The holocaust ordered by Moses was the people’s prayer of praise and thanksgiving to their wonderful God. So too for us, our offering today at Eucharist expresses our praise of God as we realize and celebrate what God has done for us. The ties renewed at this altar are so powerful that, through this sacrifice, we are enabled to offer a similar sacrifice in our personal and communal lives. We sacrifice our body and blood when we:

-give our energies and time to our children. (A father told me recently that he and his wife were sleep-deprived during the first two years of their new born’s life. And someone chimed in, "Just wait till he’s a teenager!")

-dedicate ourselves and give up free time to minister to others in our church communities

-sacrifice a job because our principles will not allow us to compromise or take dishonest shortcuts

-tend to an ailing parent by bringing them groceries, renewing prescriptions, taking time to take them to doctors’ appointments, cooking meals and just spending time listening to them

-advocate for the poor, homeless, disabled, mental patients, prisoners, abused women, uninsured children, etc. at community meetings and before governmental bodies.

-work in the community to reduce violence in schools and on our streets

How do ordinary people like us get such dedication to do so much service for others, to pour out our life blood on so many altars of service? Those of us at this Eucharist have no doubt about the source of our commitment and energy. The living reminder is at this altar for us today: God has given everything for us. As we hear the Word and respond by partaking in this meal we do so with eyes open. We see those people with us who are professing what we do – that our God is worth celebrating, not because we are ordered to do so, but because we know better.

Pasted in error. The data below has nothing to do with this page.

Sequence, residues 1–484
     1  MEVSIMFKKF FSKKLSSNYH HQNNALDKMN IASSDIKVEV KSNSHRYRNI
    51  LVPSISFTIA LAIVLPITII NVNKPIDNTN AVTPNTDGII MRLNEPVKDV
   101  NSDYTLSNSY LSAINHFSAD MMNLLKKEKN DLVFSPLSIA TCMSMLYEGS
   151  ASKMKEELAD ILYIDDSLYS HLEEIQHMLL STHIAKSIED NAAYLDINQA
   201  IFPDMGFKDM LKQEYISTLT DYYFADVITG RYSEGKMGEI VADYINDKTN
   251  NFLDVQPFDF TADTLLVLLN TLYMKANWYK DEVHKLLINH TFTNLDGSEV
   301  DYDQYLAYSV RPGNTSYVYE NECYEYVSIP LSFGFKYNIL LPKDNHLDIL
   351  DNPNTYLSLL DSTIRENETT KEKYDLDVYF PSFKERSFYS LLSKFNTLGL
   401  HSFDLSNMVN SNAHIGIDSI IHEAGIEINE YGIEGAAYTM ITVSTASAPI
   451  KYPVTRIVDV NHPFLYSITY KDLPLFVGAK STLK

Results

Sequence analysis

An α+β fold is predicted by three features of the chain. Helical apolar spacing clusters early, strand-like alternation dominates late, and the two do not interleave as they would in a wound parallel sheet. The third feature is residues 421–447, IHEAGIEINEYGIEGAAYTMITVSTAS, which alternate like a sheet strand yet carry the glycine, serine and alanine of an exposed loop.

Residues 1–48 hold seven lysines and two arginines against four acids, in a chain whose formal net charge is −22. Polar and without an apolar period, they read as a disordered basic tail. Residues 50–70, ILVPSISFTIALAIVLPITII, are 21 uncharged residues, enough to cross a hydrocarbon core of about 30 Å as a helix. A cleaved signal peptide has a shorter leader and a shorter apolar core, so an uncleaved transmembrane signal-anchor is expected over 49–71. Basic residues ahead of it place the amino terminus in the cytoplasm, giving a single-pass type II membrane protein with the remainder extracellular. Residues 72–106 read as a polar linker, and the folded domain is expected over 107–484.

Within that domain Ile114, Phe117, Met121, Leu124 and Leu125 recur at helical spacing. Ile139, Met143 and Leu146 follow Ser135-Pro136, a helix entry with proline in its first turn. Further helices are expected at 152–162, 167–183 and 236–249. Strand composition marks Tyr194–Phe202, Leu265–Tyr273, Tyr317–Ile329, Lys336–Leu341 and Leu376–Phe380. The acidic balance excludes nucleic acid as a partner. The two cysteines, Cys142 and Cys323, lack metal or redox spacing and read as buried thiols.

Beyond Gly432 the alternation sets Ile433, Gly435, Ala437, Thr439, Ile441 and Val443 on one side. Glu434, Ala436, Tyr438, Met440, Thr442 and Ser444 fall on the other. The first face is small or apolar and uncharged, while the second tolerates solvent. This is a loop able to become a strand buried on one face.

Click here for a link to this Sunday’s readings:



This Sunday’s texts remind us that if we do not do "what the Lord has spoken" (Ex 24: 3), we are turning our backs on the Lord’s surrender of his body and blood. If we do not practice his will of life and justice, our participation in Christian worship, in the Sunday Eucharist, is devoid of content. Beyond sincerity and personal itineraries, the situation of injustice and marginalization of the poor appears as a clamorous departure from the demands of the new covenant sealed in Christ’s blood. Every Eucharistic celebration ought to remind us of "the structures of sin" (cited by Medellin and John Paul II) existing in today’s world. Our repenting for having contributed to these structures not only involves saying so in solemn moments, but above all it involves beginning to build this society on the basis of the needs of the oppressed and of those who are excluded from it.